ScopiaRx Software Lets Patients, Caregivers Lessen Prescription Drug Interactions

Patients can better understand risks of drug interactions, gain needed insight to share with their physicians

CINCINNATI--()--Consumers who take multiple medications for chronic conditions now have a quick and simple way to find out if the drugs they are taking are collectively doing them more harm than good.

ScopiaRx software mines thousands of Federal Drug Administration reports and applies findings to a patient’s personal medical history. The result is a report tailored specifically to the patient -- including a concise list of symptoms for the most likely side effects, information about severe interactions and alerts for duplicate prescriptions.

ScopiaRx Founder and Chief Executive Officer Jeffrey Huth, M.D., said the technology helps patients establish an easy-to-use, secure account that is HIPAA (Health Insurance Portability and Accountability Act)-compliant. They can create reports for their own use or pass along information to their health-care provider.

“This technology gives the power to the patient in terms of sharing information about the drugs they take and the potential side-effects that can occur when patients take multiple medications,” said Huth, who also holds a doctorate in pharmacology. “While this is not a substitute for seeing your health care provider, having access to this information helps you engage your doctor about how you feel, and determine how to manage your health.”

Multiple drug prescriptions on the rise

Data support Huth’s assertion, which makes ScopiaRx an important tool. Consider:

  • In the United States, 30 million people take five to 25 medications daily.
  • Eight million patients age 65 and older take five to nine medications, and 3.6 million take more than 10 medications.
  • Of the $25 billion spent on readmission to hospitals, up to two-thirds of those re-admissions are related to either a side-effect of or poor adherence to medication being taken by the patient.

“Ten percent of the U.S. population takes five or more prescription drugs, and this causes interactions that can be harmful,” Huth said. “Our goal is to provide a simple and easy way for patients to determine if there is a health risk in taking multiple medications and act to quickly to fix the problem.”

For caregivers who are managing prescription medications for their loved ones, ScopiaRx represents peace of mind. Patients newly discharged from hospital care, often with new prescription medications, can be especially vulnerable and often lack a way to coordinate multiple medications and predict harmful side effects.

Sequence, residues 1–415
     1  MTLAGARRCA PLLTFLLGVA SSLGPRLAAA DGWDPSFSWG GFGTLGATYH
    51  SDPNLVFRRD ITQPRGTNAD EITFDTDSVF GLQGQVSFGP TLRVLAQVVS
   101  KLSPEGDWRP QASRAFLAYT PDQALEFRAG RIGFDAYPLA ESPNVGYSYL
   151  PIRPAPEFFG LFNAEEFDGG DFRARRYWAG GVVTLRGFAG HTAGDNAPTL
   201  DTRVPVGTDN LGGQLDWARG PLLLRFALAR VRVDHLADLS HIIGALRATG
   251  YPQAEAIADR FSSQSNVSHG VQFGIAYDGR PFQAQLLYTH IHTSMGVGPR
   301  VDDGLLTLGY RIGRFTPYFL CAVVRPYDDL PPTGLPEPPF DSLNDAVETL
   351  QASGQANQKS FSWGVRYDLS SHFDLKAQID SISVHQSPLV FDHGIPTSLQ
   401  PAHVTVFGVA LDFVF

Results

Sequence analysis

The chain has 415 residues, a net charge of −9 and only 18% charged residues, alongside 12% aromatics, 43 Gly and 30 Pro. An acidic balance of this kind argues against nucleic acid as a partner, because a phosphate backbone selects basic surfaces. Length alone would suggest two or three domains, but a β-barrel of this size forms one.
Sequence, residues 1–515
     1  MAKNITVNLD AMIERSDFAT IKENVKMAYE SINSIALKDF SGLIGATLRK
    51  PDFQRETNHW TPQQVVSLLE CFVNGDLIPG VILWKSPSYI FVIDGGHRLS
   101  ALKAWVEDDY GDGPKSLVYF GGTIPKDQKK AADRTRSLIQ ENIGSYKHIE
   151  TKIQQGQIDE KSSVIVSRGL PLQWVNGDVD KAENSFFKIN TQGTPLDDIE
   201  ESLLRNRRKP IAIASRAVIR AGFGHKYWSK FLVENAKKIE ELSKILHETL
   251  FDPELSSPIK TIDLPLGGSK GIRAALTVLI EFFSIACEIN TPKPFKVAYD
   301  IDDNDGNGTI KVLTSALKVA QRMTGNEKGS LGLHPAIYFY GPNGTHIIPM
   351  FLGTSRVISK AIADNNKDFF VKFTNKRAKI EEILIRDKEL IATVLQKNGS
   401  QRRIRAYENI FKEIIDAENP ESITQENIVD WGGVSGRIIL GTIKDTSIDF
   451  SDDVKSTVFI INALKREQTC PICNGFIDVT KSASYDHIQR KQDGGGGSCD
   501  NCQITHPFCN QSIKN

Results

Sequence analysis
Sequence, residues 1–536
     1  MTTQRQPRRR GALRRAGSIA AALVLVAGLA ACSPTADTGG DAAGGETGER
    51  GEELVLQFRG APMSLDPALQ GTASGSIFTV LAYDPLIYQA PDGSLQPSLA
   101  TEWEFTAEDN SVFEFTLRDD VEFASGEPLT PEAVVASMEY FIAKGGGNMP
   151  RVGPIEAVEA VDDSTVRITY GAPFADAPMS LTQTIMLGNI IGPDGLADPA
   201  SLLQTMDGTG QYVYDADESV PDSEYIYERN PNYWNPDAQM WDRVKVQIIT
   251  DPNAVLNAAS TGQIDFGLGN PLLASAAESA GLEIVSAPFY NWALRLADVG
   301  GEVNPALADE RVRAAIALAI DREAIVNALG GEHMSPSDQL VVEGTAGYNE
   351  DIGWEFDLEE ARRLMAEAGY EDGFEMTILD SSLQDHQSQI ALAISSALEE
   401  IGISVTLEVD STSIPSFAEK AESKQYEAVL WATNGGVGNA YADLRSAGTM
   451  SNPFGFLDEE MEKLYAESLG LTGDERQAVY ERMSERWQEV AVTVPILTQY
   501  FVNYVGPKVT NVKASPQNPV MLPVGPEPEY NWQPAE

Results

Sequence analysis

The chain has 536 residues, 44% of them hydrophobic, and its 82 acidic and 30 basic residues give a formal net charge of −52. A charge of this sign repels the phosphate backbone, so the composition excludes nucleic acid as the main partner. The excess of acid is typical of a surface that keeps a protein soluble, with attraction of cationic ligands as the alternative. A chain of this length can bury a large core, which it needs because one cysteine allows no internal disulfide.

“Caregivers face intense responsibilities when watching over a loved one. ScopiaRx is an invaluable tool to relieve stress, help them be more productive at work, and take better care of themselves,” said Arlene de Silva an internationally known expert and author on aging and founder of the Southwest Ohio Caregiver Coalition.

Hope for families

Huth said he was inspired to create ScopiaRx after the effects of undiagnosed drug interactions made his late grandmother sicker. When Huth’s grandmother was 88, she was taking more than a dozen medications and was constantly lethargic. It was discovered that the lethargy was a side effect of three different medications.

In a short period of time, Huth said his grandmother was active again, “playing 32 Bingo cards at one time.”

“I've talked to physicians who have brought people out of hospice by fixing the medications and getting rid of unnecessary prescriptions,” Huth said. “ScopiaRx helps physicians, pharmacists and patients do this because it shines a light on how many little problems add up to a big problem.”

For more information about ScopiaRx, please go to

ScopiaRx is a software tool that delivers comprehensive drug safety information to improve the health of patients who take multiple medications for chronic conditions.


For ScopiaRx
Byron McCauley, 513-504-8915

Release Summary

ScopiaRx technology gives the power to the patient in terms of sharing information about the drugs they take and the potential side-effects that can occur when patients take multiple medications.


For ScopiaRx
Byron McCauley, 513-504-8915